The list is endless with the remarkable accounts that the Nigerian state had set for itself in the past. But, today, we import almost everything in this country. The reason is not far-fetched, corruption has been incorporated into the schemes of the Nigerian affairs. This is one of the irregularities our Nehemiah would remedy!
Very quickly, I want to call our attention to the richest man in the world, Jeff Bezos. In 1980, when he was in high school, he worked at McDonald’s as a short-order line cook during the breakfast shift. He was sixteen and had nothing, but had a dream that one day human beings would colonise space. He worked hard to cultivate his dream and positioned himself to change the face of the earth commercially. Both his intentions and actions have been productive all the while. Today, Jeff Bezos is worth $204.6bn! Compare Nigeria as a nation in 1980 to Jeff Bezos as a person in 1980, and weigh them in the same scale today. It was all about a productive dream. The quality than can only be found only in a Nehemiah.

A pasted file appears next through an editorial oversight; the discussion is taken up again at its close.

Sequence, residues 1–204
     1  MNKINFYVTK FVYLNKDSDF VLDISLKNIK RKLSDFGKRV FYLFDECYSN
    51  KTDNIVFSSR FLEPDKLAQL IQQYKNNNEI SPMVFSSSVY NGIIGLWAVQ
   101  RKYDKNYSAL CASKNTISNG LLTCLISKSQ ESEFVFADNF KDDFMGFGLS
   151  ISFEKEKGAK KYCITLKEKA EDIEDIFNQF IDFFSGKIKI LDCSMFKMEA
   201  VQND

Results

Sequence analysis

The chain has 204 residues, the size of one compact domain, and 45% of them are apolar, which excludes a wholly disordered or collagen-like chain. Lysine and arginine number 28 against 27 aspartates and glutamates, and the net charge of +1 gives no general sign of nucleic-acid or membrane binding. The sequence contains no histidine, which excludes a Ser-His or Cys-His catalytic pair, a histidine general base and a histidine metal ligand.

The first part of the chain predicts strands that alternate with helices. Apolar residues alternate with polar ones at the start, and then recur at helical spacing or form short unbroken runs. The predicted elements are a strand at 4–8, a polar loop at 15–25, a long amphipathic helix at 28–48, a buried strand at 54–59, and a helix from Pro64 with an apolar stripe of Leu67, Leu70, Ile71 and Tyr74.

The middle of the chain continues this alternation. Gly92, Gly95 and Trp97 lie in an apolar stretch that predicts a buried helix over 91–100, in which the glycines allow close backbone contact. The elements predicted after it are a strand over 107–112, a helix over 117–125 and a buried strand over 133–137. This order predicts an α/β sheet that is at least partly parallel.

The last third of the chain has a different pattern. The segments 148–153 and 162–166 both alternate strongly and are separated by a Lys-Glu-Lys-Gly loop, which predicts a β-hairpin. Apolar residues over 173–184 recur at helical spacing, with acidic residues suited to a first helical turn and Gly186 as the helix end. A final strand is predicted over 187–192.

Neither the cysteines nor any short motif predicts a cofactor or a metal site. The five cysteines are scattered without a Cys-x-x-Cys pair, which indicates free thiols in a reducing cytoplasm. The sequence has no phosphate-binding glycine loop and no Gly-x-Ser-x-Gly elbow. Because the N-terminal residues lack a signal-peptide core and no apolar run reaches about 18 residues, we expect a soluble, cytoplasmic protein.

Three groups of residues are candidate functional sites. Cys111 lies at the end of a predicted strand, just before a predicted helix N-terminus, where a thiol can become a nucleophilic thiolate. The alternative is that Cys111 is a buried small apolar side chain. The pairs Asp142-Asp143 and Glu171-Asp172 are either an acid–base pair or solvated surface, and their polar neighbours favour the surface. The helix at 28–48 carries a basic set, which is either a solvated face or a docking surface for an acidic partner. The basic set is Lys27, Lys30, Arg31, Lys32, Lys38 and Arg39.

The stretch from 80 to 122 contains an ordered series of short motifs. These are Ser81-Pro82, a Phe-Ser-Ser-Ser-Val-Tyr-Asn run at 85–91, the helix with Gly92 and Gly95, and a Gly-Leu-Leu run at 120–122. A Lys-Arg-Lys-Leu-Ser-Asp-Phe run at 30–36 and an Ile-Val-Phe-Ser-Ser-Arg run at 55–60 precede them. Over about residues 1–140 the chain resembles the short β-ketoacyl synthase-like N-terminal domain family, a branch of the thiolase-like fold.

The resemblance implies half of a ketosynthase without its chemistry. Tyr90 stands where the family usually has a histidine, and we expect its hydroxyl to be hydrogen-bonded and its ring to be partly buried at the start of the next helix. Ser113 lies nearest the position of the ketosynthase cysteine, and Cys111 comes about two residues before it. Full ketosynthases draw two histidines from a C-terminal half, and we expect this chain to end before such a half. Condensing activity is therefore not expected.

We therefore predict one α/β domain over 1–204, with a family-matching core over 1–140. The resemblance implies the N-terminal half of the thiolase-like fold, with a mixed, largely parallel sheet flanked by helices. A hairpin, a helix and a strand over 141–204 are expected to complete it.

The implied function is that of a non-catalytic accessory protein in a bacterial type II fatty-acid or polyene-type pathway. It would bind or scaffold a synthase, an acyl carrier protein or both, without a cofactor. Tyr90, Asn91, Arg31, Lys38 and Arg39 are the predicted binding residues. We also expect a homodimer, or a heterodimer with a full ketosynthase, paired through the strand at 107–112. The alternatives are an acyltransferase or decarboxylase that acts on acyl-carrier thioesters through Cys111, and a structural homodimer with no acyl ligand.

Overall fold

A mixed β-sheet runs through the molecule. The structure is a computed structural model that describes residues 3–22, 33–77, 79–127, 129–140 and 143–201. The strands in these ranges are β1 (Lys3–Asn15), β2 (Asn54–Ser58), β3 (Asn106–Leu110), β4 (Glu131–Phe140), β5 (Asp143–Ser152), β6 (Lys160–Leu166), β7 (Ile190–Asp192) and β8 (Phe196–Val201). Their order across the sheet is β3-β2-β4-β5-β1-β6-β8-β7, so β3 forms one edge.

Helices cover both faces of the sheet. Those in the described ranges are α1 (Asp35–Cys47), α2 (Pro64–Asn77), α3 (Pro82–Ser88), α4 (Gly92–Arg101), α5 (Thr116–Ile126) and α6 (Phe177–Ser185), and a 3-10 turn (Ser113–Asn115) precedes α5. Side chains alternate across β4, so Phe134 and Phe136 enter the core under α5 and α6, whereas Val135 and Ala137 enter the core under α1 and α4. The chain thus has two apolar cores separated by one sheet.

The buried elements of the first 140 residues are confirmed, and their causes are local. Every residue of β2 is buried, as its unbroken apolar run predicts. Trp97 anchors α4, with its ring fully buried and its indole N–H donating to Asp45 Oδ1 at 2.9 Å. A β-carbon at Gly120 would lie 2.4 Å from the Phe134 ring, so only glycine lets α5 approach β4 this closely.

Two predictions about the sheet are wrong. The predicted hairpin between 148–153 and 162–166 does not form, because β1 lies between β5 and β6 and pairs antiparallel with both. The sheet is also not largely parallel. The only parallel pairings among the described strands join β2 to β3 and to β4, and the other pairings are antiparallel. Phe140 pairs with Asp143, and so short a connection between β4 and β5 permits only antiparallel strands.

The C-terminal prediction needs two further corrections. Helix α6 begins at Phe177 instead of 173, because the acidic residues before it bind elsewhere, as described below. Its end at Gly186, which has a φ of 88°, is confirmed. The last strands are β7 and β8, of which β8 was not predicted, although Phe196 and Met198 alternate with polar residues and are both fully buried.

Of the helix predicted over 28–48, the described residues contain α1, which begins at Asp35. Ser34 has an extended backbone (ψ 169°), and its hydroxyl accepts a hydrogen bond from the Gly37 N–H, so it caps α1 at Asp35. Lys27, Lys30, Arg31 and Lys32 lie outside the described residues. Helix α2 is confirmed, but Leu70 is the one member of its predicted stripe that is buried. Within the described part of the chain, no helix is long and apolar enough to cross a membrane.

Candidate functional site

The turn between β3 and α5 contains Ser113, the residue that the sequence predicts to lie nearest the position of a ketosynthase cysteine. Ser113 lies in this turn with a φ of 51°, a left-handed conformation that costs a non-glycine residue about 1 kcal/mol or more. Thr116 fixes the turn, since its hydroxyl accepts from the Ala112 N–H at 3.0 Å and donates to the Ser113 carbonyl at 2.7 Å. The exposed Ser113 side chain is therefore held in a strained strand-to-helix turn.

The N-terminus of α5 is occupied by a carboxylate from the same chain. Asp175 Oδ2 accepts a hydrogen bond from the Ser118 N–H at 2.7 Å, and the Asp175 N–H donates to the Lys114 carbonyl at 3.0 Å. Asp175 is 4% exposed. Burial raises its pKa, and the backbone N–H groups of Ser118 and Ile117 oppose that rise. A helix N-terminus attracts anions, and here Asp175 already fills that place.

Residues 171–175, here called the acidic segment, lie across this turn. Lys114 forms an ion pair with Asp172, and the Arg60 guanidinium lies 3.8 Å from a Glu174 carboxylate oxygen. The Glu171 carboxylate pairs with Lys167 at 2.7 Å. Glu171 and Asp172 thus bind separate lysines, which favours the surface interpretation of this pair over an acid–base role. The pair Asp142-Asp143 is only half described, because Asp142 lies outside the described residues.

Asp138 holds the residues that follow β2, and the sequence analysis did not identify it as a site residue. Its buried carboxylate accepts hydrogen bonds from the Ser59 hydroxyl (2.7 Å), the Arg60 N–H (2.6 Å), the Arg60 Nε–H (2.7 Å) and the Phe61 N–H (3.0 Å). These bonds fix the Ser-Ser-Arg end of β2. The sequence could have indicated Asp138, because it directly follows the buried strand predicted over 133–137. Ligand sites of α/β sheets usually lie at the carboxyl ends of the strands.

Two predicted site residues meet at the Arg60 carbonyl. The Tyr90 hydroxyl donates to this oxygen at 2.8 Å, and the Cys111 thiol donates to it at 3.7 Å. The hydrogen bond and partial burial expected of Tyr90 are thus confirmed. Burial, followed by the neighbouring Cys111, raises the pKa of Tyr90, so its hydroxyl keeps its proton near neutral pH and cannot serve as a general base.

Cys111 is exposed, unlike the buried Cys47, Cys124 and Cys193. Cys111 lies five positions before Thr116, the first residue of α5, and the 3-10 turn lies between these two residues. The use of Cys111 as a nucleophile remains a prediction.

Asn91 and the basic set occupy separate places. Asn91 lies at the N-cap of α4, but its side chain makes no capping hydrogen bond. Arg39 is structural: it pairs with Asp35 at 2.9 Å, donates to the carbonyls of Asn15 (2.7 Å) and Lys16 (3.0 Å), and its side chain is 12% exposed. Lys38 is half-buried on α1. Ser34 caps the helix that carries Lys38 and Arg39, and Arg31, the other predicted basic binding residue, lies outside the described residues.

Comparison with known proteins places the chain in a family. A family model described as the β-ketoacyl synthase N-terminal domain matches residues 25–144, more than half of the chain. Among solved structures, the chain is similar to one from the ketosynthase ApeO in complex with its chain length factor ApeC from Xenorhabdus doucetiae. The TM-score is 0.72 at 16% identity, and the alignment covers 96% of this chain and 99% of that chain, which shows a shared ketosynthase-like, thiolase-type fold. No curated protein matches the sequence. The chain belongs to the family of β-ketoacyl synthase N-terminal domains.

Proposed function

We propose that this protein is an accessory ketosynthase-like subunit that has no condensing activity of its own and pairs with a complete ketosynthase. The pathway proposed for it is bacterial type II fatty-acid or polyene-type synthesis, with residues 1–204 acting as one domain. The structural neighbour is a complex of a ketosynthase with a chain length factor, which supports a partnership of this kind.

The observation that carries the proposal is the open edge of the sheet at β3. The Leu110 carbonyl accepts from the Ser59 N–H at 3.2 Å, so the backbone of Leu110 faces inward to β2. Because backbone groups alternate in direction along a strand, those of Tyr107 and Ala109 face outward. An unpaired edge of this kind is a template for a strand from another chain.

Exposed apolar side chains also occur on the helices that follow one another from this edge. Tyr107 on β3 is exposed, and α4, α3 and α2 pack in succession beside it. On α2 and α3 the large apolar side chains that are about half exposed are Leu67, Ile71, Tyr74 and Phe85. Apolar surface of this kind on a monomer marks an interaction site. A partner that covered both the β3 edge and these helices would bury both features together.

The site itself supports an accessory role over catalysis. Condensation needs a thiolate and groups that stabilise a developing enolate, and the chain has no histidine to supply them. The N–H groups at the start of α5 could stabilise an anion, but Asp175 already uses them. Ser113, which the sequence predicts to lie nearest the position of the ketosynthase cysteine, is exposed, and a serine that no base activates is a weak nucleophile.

Amazingly, Jeff Bezos said, “What we need to do is always lean into the future; when the world changes around you and when it changes against you – what used to be a tail wind is now a head wind – you have to lean into that and figure out what to do because complaining isn’t a strategy.”
Our country is fixable if we have the people who still have the interest of the country at heart. Nigeria is not beyond repairs if we really want to be together. The call for disintegration is part of our problems, but that debate comes, only when we have exhausted all possible means, and then collectively resolve to scrap Nigeria.
Finally, I personally am convinced that the geographical landscape, political structure and social entity called Nigeria is redeemable, if only we have one Nehemiah that replicates himself in all our six geo-political zones, 250 ethnic groups, 36 states and a federal capital territory, and 774 local governments that form the country.
May we have a safer, better and greater Nigeria we dream of.